Confronting (Historical) Responsibility for the Holocaust and Slavery in a Relational Perspective

Beyond ‘Good’ and ‘Evil’

The question how to study, teach and remember historical mass crimes, above all the Holocaust and Slavery, has become emblematic in recent years. This 3rd Balzan Bystanding Lecture takes up the challenge and provides grounds for a relational perspective based on new conceptual thinking from the field of Transitional Justice and fresh empirical work on how Dutch teachers address these issues in their every-day educational work.

Nicole Immler will open with a paper focusing on what (Holocaust) historians might learn from a Transitional Justice perspective, in particular from the recognition and repair instruments (of which education is one aspect) that deal with the history and aftermath of the Holocaust, colonial regimes, and slavery. Joandi Hartendorp will then present the findings of her dissertation on Dutch history education and its relation to cultural memory. Highlighting that the teaching of the Holocaust and colonialism lacks a critical discussion of perpetration she pleas for abandoning the ‘black or white’/’evil’ or ‘good’ dichotomy. Rather, a spectral approach would allow pupils to better comprehend the choices contemporaries made. Martijn Eickhoff will offer a commentary, followed by a panel discussion and Q & A, moderated by Christina Morina and Martijn Eickhoff.

About the speakers

Nicole Immler is Professor of Historical Memory and Transformative Justice at UVH Utrecht. She wrote her PhD on Das Familiengedächtnis der Wittgensteins. After working at the restitution panel ‘General Settlement Fund for Victims of National Socialism’ in Vienna, she conducted research on The Afterlife of Restitution. With her research on Narratives of (In)Justice, she was also a Marie Curie Fellow in the research program Understanding the Age of Transitional Justice: Narratives in a Historical Perspective at the NIOD Institute.

Joandi Hartendorp has recently completed her PhD in which she comparatively researched Holocaust and slavery education and memory through a social imaginaries and multi-directional approach. She also guest lectures at several universities on post-colonial history and gender studies. Additionally, she works as an policy advisor to the Amsterdam Alderman on Diversity and inclusivity.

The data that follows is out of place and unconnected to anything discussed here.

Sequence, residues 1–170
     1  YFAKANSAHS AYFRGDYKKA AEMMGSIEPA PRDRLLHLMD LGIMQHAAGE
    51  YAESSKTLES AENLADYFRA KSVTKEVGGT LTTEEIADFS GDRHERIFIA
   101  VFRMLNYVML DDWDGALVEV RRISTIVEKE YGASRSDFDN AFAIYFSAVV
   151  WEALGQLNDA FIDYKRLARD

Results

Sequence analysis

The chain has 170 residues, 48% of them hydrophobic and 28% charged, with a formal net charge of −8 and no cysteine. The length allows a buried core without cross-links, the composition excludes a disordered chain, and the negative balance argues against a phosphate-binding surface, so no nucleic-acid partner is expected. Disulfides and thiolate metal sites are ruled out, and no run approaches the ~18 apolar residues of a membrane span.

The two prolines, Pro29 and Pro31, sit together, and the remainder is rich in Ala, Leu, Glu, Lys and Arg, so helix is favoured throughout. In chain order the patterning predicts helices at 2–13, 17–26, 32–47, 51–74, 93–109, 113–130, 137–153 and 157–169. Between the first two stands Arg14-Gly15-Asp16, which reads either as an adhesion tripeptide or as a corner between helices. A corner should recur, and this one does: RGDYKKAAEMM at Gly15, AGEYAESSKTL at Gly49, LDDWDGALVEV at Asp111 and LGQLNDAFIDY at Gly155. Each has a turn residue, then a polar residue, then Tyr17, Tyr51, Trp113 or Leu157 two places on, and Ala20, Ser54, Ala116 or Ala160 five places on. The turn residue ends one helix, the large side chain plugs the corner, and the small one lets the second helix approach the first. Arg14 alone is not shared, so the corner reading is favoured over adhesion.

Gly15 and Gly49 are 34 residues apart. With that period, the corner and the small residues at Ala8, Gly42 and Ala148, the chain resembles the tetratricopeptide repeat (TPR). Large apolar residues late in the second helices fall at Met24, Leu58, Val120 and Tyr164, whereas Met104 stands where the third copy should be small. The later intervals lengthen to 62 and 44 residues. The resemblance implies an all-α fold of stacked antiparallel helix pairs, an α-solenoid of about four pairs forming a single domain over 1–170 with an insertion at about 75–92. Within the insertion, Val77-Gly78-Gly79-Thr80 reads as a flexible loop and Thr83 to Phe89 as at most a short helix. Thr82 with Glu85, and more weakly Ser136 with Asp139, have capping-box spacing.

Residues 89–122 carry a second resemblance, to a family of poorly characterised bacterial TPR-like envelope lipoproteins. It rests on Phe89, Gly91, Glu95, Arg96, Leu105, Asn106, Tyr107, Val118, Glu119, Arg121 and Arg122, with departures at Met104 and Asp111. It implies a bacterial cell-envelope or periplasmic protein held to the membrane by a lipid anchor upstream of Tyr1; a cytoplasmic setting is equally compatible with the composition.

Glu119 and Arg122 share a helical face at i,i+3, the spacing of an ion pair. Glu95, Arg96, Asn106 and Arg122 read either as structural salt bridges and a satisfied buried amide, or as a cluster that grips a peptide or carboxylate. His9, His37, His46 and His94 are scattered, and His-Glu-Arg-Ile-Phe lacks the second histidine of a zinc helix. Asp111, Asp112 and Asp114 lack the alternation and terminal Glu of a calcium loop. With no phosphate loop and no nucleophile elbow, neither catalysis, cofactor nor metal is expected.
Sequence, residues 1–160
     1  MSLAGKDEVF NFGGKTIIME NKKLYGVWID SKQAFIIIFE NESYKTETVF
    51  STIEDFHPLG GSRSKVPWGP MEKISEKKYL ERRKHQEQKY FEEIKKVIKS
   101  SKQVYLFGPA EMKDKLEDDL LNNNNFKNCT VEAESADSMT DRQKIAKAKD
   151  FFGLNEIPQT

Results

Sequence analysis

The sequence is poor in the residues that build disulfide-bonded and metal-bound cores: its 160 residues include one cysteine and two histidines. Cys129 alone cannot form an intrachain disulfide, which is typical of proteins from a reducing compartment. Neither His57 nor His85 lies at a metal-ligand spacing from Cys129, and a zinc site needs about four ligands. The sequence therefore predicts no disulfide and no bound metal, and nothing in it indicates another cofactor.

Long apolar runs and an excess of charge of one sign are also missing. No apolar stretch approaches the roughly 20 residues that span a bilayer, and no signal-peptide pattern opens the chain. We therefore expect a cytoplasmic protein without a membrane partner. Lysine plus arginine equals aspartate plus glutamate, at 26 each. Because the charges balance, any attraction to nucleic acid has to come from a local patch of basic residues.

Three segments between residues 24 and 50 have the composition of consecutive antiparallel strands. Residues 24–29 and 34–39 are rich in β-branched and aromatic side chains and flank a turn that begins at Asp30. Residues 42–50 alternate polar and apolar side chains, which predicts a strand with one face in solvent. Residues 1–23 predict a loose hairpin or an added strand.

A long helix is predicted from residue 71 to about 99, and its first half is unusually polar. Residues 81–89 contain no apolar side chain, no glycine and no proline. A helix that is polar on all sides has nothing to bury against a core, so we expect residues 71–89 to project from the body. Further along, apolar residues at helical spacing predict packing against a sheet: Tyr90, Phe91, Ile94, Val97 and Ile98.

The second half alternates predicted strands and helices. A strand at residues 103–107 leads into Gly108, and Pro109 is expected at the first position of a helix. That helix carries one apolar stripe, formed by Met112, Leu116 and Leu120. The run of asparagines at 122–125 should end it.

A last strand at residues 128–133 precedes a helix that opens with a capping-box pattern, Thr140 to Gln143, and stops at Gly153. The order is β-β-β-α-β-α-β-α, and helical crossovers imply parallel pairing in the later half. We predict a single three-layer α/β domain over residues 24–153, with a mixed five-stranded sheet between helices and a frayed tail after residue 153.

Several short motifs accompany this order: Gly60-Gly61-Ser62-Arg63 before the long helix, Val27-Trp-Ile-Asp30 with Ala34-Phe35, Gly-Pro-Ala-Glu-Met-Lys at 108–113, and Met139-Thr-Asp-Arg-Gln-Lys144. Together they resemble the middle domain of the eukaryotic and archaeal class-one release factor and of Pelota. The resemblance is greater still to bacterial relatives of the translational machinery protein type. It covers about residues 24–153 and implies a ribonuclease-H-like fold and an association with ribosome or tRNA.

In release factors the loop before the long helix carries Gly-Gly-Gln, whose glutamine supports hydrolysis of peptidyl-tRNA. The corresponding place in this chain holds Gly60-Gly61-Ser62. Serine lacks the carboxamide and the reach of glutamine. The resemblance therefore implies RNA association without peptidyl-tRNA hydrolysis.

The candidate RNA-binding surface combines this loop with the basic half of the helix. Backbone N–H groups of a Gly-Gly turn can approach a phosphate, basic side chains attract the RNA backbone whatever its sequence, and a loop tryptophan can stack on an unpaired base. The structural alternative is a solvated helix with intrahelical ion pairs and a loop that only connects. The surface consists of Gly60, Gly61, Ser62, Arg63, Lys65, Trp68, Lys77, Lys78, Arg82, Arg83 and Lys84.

Christina Morina is Professor of General History with a particular focus on Contemporary History at the University of Bielefeld. Her research focuses on the social and memory history of National Socialism, the political and cultural history of divided and united Germany and the relationship between history and memory. Currently, she directs the collaborative project ‘Bystanding in the Holocaust in Europe. Experiences, Ramifications, Representations, 1933 to the present’, supported by Saul Friedländer’s Balzan Prize funds. She is co-editor of Probing the Limits of Categorization. The Bystander in Holocaust History (with Krijn Thijs, 2018).

Martijn Eickhoff is director of NIOD Institute for War, Holocaust and Genocide Studies and endowed professor of Archaeology and Heritage of War and Mass Violence at the University of Groningen. He researches the history, cultural dimensions and after-effects of large-scale violence and regime change in Europe and Asia in the nineteenth and twentieth centuries, with a particular emphasis on the spatial, material and transnational aspects. In 2020, he published the book The Politics of Heritage in Indonesia, co-written with Marieke Bloembergen.

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